Tuesday, October 03, 2006

Regrets

[Note - sorry, I was out of town for a few days and my internet connection went inconveniently missing! Produced an utterly unintentional (but hopefully tantalising) break]

When Kirk worked counter-terrorism he was a captain - a quite low ranked officer. Further, he was an Air Force captain at a navy unit, and worse he was working in Virginia where you can't spit without hitting a senior officer. So he had access to information that only a handful of people even knew existed, and was given enormous responsibility, but actually had very little real clout. Rank matters, and it matters to civilians as well as military.

So if Kirk had stayed in, and if he had managed to piece together what was going to happen on 9/11, there's a chance that even then no one would have listened.

But then... they did listen over Y2K. And if he had been there for those few months, already thinking along the lines of a hijacking, maybe he could have made the connections and seen the signs that could have stopped it.

If.

Kirk wasn't someone to spend endless time agonizing about the if's of life, but he also wasn't able to forget it. He did regret, he did wonder, and he did feel terrible grief and pain, and yes anger over what happened. But his response was to try and find something to do now. What happened can't be changed, and all the guilt in the world won't reset things. So figure out what needs to happen next.

And that was the question. He was approached about going back - not into the military, but as a civilian. There were a couple of offers, and he did seriously think about it. It would mean uprooting again, returning to the East Coast and taking the kids out of school yet again. And it would mean accepting the counter-terrorism world as his world for the rest of his career; there would be no going back from this one.

It was a long, and drawn out decision. We talked endlessly, he called friends for advice, talked to people still in the world, tried to get a feel for what was happening. There was chaos of course. This hit the intel world hard, and people were still trying to sort out the aftermath. Much of it sounded good though - many of the people who were most blind, most hidebound and obstructionist were gone. Change was happening, change that had been needed for years. What sort of useful role Kirk could play, however, wasn't clear. In the end he was afraid that once again he would be drawn into a dark and horrible world and still be unable to make a difference.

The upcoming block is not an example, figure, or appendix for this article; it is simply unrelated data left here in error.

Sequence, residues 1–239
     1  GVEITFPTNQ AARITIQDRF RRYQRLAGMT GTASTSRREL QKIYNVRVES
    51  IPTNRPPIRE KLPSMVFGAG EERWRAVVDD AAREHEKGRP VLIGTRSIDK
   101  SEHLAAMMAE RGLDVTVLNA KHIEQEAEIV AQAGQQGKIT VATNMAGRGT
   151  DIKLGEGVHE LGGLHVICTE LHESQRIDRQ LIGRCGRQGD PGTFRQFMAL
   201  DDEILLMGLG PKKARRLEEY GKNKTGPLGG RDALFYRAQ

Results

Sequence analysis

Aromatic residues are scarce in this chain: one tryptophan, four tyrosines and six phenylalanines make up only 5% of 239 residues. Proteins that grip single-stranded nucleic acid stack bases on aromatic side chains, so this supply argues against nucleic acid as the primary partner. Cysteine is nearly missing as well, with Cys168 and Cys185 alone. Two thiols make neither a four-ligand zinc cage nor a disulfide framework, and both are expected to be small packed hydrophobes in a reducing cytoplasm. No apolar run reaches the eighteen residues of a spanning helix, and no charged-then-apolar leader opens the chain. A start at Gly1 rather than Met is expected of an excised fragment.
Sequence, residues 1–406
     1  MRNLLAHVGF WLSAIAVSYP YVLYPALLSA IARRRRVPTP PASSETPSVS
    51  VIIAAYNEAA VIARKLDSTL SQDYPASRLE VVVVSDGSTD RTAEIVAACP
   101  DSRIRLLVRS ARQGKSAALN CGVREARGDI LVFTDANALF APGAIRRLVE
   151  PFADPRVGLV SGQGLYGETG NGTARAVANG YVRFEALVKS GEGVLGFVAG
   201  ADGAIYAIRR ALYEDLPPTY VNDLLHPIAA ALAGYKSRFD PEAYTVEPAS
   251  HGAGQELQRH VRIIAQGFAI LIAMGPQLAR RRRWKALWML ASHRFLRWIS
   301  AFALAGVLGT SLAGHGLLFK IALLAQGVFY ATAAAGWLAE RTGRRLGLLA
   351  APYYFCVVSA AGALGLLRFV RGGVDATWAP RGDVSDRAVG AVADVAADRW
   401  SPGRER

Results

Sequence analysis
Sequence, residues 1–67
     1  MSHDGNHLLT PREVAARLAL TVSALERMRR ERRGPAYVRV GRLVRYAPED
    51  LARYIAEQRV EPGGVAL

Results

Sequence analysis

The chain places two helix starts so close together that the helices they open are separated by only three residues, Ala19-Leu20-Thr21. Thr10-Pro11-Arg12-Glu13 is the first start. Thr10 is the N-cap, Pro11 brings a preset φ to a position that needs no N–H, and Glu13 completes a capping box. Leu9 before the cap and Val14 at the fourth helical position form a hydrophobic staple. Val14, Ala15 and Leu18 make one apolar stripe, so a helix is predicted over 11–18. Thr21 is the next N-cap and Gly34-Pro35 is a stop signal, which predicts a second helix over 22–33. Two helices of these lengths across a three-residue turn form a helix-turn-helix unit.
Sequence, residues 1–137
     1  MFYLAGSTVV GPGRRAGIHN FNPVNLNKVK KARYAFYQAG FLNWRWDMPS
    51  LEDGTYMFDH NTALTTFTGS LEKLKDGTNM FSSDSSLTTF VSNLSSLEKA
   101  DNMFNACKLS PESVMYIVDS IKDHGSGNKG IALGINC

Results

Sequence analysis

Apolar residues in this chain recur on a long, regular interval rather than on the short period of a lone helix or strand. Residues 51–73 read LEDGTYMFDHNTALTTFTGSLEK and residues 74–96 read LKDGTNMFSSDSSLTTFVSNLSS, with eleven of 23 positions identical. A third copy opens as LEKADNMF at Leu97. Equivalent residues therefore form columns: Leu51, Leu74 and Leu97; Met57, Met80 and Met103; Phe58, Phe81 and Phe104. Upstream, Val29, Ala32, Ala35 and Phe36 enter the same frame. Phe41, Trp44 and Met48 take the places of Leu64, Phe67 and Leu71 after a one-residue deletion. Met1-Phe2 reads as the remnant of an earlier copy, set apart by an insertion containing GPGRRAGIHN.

And then a chance came up to play a small part right where he was. His company made software that could, with a little tweaking, be incredibly useful if applied to intel work. Homeland security was a brand new phrase, but it was obvious that some major needs were recognized, and Kirk's company could fill some of them. They quickly set up a unit to make a pitch for a government contract, and Kirk was unofficially approached to advise these guys on the marketing plan they had in mind - PowerPoint, naturally.

He came home late the day they showed him their presentation.

'Well?'

He looked at me.

'I don't think they liked what I had to say.'

'Why not?'

'Because I told them the truth.'

'Which was...'

'They gave a ten minute presentation, with a couple of scenarios laid out demonstrating how the product could be used.'

'And?'

'What wasn't laughable, was illegal.'

'Ah. And you said this?'

'Yes.'

'So I suppose they don't want you on their team.'

'Not really. Then I told them that they missed the main point.'

'....'

'The military is there to break things and kill people. I don't think they see themselves in that sort of business.'

'But they still want to sell to the government?'

'Oh yeah. They just want it to be giving the rest of the world a stern lecture and sending everyone home with a cookie. That and doing a whole lot of things that are completely unconstitutional'

The company hired an outside consultant for a huge fee. They spent several months on their pitch, and devoted a group of highly paid people to put the whole thing together. The basic structure and message, however didn't change.

They did not get the contract.

2 comments:

child 2 said...

that's what dad was really good about. He always said, so, something bad happened. now what? what can be done to fix things, now that they've been broken. there are very few people in the world like that, and the ones that are make the biggest difference i think.

For Kirk said...

True. Sometimes he was ready to do the fixing before the rest of us were done getting all worked up about the breaking, but it was one of the things I really admired about him.